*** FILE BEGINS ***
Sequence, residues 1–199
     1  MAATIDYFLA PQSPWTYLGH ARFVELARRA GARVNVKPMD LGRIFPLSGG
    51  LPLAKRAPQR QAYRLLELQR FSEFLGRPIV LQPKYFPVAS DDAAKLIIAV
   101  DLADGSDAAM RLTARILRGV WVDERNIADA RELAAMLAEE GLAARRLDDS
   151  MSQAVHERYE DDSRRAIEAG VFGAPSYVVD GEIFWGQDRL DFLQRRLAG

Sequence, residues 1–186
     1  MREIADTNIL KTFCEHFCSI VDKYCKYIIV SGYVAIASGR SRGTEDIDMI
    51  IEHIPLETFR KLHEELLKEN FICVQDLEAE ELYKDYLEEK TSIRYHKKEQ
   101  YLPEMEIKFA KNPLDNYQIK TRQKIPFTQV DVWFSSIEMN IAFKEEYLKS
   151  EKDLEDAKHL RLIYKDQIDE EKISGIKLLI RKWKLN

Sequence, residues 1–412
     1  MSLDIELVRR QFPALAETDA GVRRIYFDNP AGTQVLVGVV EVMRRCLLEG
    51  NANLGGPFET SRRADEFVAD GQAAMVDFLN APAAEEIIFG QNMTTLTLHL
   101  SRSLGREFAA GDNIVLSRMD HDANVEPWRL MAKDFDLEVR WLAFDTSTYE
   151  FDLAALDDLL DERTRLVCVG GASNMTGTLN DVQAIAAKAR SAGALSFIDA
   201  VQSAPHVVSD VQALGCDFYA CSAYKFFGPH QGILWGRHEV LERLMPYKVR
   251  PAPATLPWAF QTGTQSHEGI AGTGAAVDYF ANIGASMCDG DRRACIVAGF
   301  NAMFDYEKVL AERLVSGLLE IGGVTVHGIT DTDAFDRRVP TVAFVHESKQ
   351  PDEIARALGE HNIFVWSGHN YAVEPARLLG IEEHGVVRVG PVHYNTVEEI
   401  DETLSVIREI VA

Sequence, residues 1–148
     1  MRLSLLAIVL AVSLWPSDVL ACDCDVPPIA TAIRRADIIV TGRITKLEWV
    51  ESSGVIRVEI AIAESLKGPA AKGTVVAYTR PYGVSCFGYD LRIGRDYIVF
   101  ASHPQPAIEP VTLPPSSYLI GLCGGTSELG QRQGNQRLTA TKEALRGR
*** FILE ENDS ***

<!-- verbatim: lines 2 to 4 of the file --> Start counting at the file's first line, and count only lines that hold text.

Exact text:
     1  MAATIDYFLA PQSPWTYLGH ARFVELARRA GARVNVKPMD LGRIFPLSGG
    51  LPLAKRAPQR QAYRLLELQR FSEFLGRPIV LQPKYFPVAS DDAAKLIIAV
   101  DLADGSDAAM RLTARILRGV WVDERNIADA RELAAMLAEE GLAARRLDDS